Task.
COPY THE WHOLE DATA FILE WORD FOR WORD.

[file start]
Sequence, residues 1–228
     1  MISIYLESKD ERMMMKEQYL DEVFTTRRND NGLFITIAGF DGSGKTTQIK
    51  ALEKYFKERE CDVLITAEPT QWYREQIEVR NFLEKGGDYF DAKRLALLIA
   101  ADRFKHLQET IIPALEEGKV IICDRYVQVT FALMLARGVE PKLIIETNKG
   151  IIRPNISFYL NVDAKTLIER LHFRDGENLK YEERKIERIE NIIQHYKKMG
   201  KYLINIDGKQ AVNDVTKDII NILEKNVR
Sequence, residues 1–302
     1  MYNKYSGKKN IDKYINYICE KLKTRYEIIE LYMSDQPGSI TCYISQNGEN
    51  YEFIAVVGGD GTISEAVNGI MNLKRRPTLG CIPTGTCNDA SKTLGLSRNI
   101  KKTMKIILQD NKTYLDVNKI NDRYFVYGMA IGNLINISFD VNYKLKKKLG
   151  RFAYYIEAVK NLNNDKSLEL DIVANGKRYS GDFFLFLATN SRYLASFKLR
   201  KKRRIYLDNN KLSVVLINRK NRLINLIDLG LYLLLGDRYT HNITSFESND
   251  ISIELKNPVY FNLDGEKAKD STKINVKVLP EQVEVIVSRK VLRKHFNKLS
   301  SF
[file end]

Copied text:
Sequence, residues 1–228
     1  MISIYLESKD ERMMMKEQYL DEVFTTRRND NGLFITIAGF DGSGKTTQIK
    51  ALEKYFKERE CDVLITAEPT QWYREQIEVR NFLEKGGDYF DAKRLALLIA
   101  ADRFKHLQET IIPALEEGKV IICDRYVQVT FALMLARGVE PKLIIETNKG
   151  IIRPNISFYL NVDAKTLIER LHFRDGENLK YEERKIERIE NIIQHYKKMG
   201  KYLINIDGKQ AVNDVTKDII NILEKNVR
Sequence, residues 1–302
     1  MYNKYSGKKN IDKYINYICE KLKTRYEIIE LYMSDQPGSI TCYISQNGEN
    51  YEFIAVVGGD GTISEAVNGI MNLKRRPTLG CIPTGTCNDA SKTLGLSRNI
   101  KKTMKIILQD NKTYLDVNKI NDRYFVYGMA IGNLINISFD VNYKLKKKLG
   151  RFAYYIEAVK NLNNDKSLEL DIVANGKRYS GDFFLFLATN SRYLASFKLR
   201  KKRRIYLDNN KLSVVLINRK NRLINLIDLG LYLLLGDRYT HNITSFESND
   251  ISIELKNPVY FNLDGEKAKD STKINVKVLP EQVEVIVSRK VLRKHFNKLS
   301  SF